Investigation into the increasing numbers of British soldiers returning from Iraq and going AWOL, rather than facing life in the British Army. Featuring the stories of young men who return from battle so scarred and disillusioned they vow never to return even if it means going on the run.
10,000 AWOL is a work of pure fiction that is 10% of the Army which would clearly be missed. 1100 could be realistic.
The suggestion that AWOL goes unreported taking that fictious 10,000 even higher is also bollocks. If a soldier is missing for a very brief period then it is often dealt with as missing a parade true. But then there has always been a difference between AWOL and late for a parade.
The issue is why these alleged 10,000 have gone AWOL and how many are the result of Iraq, Afghan etc. My suspicion is that the majority will be for the same old, same old reasons: debt, family problems and so forth. I'm sure that 'trauma' from operations is the cause in some cases but AWOL is a perennial problem and I'm not aware that the numbers have jumped enormously.
Thank you for the response. At the risk of seeming absurdly archaic and reactionary, I am still at a loss to understand why so many (if the figures are true) go absent from Active Service?
I reiterate my earlier question - what are the the penalties these days for going AWOL from Active Service?
The penalties used to be so severe, that the soldier's (lengthy) sojourn in Colchester, would be the least of his problems.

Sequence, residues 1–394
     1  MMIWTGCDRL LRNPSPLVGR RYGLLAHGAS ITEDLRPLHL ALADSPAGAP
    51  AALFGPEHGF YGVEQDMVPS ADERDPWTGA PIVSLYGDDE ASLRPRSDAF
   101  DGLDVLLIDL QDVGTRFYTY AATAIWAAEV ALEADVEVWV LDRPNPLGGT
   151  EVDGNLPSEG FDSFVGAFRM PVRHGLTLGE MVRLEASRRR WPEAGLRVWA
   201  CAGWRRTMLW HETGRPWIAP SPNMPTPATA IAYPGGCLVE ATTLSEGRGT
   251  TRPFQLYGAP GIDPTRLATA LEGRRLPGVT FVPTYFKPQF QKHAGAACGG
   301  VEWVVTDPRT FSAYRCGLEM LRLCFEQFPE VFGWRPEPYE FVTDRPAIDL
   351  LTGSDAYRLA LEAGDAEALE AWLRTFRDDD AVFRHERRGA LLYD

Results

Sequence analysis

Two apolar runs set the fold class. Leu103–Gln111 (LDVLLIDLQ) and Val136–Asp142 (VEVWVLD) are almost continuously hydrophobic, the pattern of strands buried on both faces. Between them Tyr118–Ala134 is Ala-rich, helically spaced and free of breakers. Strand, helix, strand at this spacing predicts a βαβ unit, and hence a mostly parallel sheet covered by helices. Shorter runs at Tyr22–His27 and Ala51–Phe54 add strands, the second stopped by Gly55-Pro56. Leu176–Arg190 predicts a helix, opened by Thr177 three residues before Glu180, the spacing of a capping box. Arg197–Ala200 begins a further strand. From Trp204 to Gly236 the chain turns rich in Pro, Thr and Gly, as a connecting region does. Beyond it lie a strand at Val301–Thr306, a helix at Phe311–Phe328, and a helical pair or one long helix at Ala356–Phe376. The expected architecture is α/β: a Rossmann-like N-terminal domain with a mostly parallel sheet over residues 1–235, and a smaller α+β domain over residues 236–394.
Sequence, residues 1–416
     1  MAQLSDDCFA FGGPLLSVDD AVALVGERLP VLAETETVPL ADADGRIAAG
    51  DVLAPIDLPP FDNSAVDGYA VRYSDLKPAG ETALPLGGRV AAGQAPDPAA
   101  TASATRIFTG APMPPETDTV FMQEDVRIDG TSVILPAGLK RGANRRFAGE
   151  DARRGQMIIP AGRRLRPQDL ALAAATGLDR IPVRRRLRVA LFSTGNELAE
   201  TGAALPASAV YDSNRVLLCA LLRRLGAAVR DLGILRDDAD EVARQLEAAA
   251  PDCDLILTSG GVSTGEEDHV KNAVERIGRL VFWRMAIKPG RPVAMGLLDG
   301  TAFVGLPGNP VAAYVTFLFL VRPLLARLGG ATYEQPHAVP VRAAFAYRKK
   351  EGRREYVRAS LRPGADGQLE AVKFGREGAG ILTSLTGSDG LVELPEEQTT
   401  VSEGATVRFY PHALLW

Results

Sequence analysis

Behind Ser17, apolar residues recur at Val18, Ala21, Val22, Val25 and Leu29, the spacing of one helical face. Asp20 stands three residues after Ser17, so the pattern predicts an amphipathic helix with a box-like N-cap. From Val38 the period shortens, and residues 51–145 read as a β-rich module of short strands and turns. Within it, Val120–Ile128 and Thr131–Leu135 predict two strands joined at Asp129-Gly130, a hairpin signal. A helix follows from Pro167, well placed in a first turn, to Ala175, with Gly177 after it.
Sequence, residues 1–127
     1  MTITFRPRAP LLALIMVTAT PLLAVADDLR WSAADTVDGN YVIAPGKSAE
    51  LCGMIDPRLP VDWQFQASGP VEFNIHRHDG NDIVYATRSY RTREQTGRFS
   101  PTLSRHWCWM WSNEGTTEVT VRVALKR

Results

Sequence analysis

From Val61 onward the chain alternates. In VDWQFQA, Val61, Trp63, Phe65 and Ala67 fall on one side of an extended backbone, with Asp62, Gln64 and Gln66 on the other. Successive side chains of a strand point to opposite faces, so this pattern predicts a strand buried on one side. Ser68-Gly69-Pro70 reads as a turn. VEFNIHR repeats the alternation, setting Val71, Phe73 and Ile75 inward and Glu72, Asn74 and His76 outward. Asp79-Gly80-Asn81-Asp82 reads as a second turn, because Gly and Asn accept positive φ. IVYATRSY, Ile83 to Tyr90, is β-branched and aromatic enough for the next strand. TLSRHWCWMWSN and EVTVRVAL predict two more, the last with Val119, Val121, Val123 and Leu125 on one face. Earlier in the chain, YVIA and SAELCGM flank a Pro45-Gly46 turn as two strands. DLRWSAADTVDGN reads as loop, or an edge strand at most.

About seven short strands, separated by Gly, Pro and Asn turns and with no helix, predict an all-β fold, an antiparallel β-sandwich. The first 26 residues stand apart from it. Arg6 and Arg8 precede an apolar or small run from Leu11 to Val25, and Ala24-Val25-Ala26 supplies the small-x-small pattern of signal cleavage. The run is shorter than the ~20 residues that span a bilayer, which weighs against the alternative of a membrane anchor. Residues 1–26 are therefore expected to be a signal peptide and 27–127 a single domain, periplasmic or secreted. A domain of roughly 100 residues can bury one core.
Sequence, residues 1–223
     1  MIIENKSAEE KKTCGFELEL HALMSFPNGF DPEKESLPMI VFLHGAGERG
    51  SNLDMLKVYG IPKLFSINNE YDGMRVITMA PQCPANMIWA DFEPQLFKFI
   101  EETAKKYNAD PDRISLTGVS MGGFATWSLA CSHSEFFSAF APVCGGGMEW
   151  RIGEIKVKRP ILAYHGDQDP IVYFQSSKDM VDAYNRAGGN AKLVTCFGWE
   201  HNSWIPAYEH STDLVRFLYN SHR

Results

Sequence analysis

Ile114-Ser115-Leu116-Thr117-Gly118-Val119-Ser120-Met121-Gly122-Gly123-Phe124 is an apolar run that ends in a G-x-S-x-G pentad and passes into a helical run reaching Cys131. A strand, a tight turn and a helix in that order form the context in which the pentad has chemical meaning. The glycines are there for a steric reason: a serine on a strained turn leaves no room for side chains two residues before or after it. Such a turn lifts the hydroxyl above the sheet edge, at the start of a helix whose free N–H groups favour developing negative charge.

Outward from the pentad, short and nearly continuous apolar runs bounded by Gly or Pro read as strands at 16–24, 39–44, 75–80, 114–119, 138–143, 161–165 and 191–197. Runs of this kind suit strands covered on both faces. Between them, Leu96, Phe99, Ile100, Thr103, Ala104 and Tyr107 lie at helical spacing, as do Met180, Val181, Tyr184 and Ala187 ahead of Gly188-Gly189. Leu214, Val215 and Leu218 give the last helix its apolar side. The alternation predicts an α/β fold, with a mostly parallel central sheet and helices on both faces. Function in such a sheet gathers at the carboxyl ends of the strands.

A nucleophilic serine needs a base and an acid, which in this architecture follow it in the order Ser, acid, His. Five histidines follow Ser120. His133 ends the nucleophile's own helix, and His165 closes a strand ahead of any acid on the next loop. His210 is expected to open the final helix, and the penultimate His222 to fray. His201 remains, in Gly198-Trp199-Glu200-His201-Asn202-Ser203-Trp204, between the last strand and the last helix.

If he ever returned to his Regiment, he would find that his erstwhile comrades-in-arms had long memories and heavy boots.
Memory, of course, may be tricking me, but I really feel that this tended to be less of a problem say 35, years ago than it is now, and for several reasons:
Firstly, the principle of 'collective punishment' - for instance, if someone failed to return from R&R during Active Service - the next two due to go would automatically forfeit the privilege.
Secondly, the certain knowledge that if one ever saw daylight again, one would be Persona non grata throughout the Regiment.
I cannot believe that today's young soldiers are any less courageous than those that went before, so what can be the reason? - Loss of Esprit de Corps? - Lack of effective deterrent? - Less cohesion and camaraderie between the troops?
I honestly don't understand it, and I would be obliged for any thoughts from those currently serving.
Edited to add: Well, I payed close attention to Panorama - and I must be a Dinosaur or obtuse (or both) because I still don't get it.
Watching the program just now, so glad I left the Army when I did.
I know of two soliders from my regiment that have commited suicide due to the traumers in Iraq.
American soliders have got the best facilities in the world for recovering from these kind of situations. however here in the UK our guys get treated like sh1t.
The soliders in this program that have been kicked out seem to be reasonably good soliders and need to be treated properly, im not saying treat them with kid gloves but give them a bit of flexibility to get their heads together.
If you kick out say a L/CPL who has been in the Army for maybe 4 years, surely it would be worth trying to help him in (depending on his crime), as it is going to take the time and money to train somebody else up to this standard.
Watched it last night and the way Panoramas reporter went on about Soldiers constantly looking over there shoulders for the Police / Rmp, anyone not connected to the Military may think that there are hundreds of RMPs rifting through allotments / outhouses and scouring the countryside looking for these individuals.